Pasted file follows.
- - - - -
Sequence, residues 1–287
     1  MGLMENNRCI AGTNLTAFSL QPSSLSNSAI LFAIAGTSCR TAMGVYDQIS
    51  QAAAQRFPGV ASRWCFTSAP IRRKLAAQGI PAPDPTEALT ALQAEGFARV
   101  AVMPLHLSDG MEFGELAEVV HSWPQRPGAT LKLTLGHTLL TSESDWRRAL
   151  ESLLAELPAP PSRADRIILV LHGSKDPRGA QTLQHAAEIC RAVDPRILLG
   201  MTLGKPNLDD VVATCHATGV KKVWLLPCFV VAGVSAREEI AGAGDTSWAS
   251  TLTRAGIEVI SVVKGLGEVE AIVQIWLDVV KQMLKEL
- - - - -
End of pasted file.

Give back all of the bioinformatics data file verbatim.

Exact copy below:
Sequence, residues 1–287
     1  MGLMENNRCI AGTNLTAFSL QPSSLSNSAI LFAIAGTSCR TAMGVYDQIS
    51  QAAAQRFPGV ASRWCFTSAP IRRKLAAQGI PAPDPTEALT ALQAEGFARV
   101  AVMPLHLSDG MEFGELAEVV HSWPQRPGAT LKLTLGHTLL TSESDWRRAL
   151  ESLLAELPAP PSRADRIILV LHGSKDPRGA QTLQHAAEIC RAVDPRILLG
   201  MTLGKPNLDD VVATCHATGV KKVWLLPCFV VAGVSAREEI AGAGDTSWAS
   251  TLTRAGIEVI SVVKGLGEVE AIVQIWLDVV KQMLKEL